The Strategic Danger of Knowing Where History’s Going

“For those like President Bush who profess certainty as to history’s purpose, using any means necessary to hurry history along to its predetermined destination offers a nearly irresistible temptation. When that conviction is accompanied by a further certainty that on the far side of victory permanent peace awaits, the resort to force becomes almost obligatory. The greater the sense of conviction the easier it becomes to justify any mayhem committed on behalf of big ideas.”

–Andrew Bacevich, in a review of “The First Total War: Napoleon’s Europe and the Birth of
Warfare as We Know It,” by David A. Bell, in the journal World Affairs.

According to Bacevich, Bell writes in his book that the ideas of the French Enlightenment “transformed peace from a moral imperative into a historical one,” which set the stage for Napoleon. Bacevich writes: “In France, the perversion of Enlightenment thinking subverted professed Enlightenment values. The result was not liberty, equality and fraternity, but a gaudy militarism that underwrote a penchant for strategic recklessness.”

Another way of formulating the influence of Enlightenment ideas on the French Revolution and other subsequent political movements that were utopian in their aims, including communism, is that the French enlightenment introduced the idea that man is perfectible. This idea was of course contrary to Christian teaching, which holds that man is fallen, that human nature is sinful, and therefore that perpetual peace and heaven on earth are impossible.

Which brings me to the parallels between the Napoleonic era and Bush’s “Freedom Agenda” that Bacevich, and presumably Bell, are drawing. It makes perfect sense that, as Bacevich says, “certainty as to history’s purpose” would lead to strategic overreach. But the interesting fact is that Bush himself frequently cites his “faith” as the undergirding of his certainty that societies can be hurried along toward transformation. So why were similar sentiments among the French revolutionaries, or in Soviet Russia for that matter, antithetical to Christianity while Bush’s belief in historical destiny is not? Does someone (Bush) have the theology wrong, does Bush not actually believe what Bacevich says he believes about historical destiny, or is this analogy between Napoleon and Bush-era U.S. foreign policy flawed in some other way?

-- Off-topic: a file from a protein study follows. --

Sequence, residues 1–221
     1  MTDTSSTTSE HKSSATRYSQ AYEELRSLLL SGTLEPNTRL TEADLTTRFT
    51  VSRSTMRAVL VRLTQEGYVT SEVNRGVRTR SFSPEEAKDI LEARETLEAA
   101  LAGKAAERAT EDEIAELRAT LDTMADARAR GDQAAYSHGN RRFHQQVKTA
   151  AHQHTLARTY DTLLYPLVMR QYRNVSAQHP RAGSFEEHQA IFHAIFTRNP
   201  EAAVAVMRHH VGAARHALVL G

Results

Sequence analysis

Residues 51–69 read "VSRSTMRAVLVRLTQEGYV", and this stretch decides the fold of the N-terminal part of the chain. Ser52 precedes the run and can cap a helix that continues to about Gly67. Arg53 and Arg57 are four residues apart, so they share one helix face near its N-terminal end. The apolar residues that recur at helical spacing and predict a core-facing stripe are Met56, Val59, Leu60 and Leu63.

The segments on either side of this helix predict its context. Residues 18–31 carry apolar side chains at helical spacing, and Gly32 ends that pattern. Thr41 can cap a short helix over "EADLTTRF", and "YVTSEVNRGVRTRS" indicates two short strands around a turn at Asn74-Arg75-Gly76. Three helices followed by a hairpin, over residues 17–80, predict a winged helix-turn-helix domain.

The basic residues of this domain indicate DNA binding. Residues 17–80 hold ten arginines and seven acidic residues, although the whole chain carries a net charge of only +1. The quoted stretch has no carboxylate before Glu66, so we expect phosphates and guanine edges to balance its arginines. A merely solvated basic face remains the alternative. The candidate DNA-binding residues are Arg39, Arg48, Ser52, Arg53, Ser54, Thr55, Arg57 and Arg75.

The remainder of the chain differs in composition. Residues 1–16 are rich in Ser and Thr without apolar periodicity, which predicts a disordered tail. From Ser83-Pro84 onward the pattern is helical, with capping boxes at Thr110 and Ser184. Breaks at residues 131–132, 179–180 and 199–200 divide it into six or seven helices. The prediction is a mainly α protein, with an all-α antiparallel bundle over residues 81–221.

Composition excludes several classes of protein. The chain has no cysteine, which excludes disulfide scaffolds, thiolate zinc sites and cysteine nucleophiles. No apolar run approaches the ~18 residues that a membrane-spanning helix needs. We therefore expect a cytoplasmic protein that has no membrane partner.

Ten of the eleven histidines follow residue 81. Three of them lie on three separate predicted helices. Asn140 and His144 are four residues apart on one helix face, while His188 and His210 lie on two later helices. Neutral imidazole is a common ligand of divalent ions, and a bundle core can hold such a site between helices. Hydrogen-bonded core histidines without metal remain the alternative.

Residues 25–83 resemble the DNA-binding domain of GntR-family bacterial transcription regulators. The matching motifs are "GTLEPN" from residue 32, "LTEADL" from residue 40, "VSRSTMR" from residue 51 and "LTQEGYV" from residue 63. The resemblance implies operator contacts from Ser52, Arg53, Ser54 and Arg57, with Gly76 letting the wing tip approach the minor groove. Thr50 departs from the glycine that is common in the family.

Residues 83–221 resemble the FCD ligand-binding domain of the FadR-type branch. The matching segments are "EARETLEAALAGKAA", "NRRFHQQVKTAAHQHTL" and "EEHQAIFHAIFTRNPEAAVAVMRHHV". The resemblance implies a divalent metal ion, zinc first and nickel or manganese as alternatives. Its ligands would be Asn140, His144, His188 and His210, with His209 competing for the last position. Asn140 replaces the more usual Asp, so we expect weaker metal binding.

I don’t know, but I suspect that a full understanding (which I don’t have) of the intellectual history from Martin Luther to modern American evangelical protestantism could go some way toward explaining this apparent theological contradiction.

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